Contributor: Cleveland Clinic Preventive Cardiology dietitian Kate Patton, MEd, RD, CSSD, LD
This year, if you are looking to put a twist on your holiday dinner, chestnuts might be just the thing. Fresh chestnuts are available from fall through December, which makes them a perfect holiday treat. You can buy them fresh, ground, dried, puréed or vacuum-packed. Roasting them brings out a rich, sweet flavor and makes them tender.
While tree nuts are typically high in fat with a moderate amount of protein and low in carbohydrate, chestnuts are unique in that they are high in carbohydrate and low in fat and protein. They also contain potassium, B and C vitamins.
One ounce of roasted chestnuts contains 70 calories and 15 grams of carbohydrate. They can be added to salads, soups, stuffing and even dessert recipes.
Step 1: Choose good chestnuts
Making chestnuts isn’t hard at all but you do have to ensure that you buy good ones and that you roast them for the right amount of time.
Look for glossy, firm nuts that have minimal space between the shell and the meat inside. Avoid chestnuts that have wrinkled, mottled, or dingy shells, which could mean that they are old or moldy.
Buy more than you need because once they are open, you might find that some have actually turned bad and are not edible.
Step 2: Prepare by scoring each nut
Preparing the chestnuts is fairly simple. You’ll need a cutting board, small sharp knife, baking pan and possibly a kitchen towel.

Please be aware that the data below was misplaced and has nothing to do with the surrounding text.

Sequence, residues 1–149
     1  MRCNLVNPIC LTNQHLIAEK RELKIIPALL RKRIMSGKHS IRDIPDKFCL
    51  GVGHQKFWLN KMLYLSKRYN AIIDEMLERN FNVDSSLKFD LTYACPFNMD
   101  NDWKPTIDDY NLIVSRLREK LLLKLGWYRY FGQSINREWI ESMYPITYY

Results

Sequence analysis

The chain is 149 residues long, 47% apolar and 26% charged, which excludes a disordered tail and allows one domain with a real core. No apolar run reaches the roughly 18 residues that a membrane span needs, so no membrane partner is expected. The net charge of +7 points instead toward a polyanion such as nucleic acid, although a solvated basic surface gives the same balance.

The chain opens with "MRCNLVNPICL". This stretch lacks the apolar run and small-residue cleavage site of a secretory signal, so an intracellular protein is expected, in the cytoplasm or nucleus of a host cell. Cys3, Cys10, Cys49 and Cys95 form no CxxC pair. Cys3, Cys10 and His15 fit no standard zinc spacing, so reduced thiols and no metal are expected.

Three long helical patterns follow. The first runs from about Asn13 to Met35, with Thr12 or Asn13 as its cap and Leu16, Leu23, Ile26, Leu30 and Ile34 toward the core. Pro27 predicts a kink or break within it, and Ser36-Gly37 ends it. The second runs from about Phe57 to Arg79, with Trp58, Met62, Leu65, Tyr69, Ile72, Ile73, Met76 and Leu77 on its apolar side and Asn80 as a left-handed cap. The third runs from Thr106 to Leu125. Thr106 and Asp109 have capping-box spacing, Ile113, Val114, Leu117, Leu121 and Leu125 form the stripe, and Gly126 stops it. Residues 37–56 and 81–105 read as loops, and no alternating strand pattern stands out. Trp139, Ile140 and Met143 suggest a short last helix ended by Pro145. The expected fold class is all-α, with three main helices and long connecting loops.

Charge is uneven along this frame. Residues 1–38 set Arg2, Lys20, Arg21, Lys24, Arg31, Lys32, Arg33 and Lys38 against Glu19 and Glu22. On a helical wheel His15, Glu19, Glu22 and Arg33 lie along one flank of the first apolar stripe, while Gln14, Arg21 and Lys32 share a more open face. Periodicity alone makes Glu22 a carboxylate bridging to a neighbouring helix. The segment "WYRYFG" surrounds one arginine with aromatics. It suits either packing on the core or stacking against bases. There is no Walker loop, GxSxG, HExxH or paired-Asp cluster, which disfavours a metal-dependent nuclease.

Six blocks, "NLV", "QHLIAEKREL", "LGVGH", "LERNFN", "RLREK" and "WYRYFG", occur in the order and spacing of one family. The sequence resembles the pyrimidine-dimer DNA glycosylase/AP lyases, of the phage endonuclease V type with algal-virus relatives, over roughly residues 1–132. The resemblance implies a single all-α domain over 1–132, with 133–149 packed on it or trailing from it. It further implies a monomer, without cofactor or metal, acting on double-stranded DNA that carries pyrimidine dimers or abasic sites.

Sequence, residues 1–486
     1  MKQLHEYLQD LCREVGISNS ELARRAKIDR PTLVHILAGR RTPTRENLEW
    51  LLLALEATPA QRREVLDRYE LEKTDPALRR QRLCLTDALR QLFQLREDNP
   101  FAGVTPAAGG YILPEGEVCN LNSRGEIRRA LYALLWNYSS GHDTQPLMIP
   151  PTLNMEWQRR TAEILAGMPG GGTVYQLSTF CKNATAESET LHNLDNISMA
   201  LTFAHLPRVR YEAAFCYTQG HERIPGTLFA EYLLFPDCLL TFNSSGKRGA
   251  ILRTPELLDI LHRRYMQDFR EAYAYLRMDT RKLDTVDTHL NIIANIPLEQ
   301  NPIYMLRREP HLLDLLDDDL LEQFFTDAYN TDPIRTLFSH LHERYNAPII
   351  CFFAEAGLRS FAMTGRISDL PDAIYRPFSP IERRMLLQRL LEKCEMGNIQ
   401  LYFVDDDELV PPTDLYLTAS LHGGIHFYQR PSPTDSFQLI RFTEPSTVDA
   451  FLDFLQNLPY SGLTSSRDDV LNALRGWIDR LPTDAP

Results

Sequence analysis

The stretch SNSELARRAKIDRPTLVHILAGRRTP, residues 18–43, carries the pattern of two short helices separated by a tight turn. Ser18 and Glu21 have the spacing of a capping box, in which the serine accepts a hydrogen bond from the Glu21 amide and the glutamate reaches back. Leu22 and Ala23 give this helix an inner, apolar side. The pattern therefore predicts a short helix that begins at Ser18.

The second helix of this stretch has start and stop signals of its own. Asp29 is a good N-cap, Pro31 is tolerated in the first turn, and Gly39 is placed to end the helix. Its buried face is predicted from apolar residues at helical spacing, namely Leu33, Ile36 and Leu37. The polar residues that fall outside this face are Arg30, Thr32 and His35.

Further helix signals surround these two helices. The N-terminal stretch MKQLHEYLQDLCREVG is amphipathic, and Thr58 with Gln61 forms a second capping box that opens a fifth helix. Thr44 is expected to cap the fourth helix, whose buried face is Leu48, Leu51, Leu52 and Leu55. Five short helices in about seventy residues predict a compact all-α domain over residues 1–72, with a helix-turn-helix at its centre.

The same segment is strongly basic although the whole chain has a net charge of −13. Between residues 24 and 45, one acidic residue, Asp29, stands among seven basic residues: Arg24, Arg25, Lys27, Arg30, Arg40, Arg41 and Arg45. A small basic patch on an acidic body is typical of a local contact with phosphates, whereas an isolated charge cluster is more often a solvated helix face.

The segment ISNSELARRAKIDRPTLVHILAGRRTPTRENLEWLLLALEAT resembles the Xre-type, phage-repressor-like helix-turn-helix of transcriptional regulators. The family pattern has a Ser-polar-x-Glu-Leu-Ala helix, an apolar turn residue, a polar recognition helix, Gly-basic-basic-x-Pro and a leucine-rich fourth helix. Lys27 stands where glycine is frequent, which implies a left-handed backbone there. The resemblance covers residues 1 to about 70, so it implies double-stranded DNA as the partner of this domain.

Here’s what you do:
- Preheat your oven to 400 degrees F.
- Wipe of the chestnuts with a clean, damp cloth.
- Place each chestnut, flat side down, on the cutting board and using your knife, cut an “X” into it. This will allow steam to escape as they roast.
- Put the chestnuts in a baking pan with the “X” facing up.
Step 3: Roast the chestnuts and keep a close watch
Depending upon the size of the chestnuts and your oven, cooking times can vary. Generally, chestnuts take about 20-30 minutes to roast. You can stir them occasionally to help them cook evenly.
When cooked, the shells will burst open, and the chestnut will be golden brown. Roast until the shells begin to peel back where you cut into them.
Keep a careful watch to ensure they are not overcooked or undercooked. Either will result in hard chestnuts and the inner skin will be difficult to remove.
Step 4: Peel the chestnuts while they are still warm
Next, you’ll peel them. Do this while they are still warm but cool enough to touch. If you wait too long, it will be more difficult to remove the shells.
Serve immediately if possible when they’ll have the best flavor. Enjoy!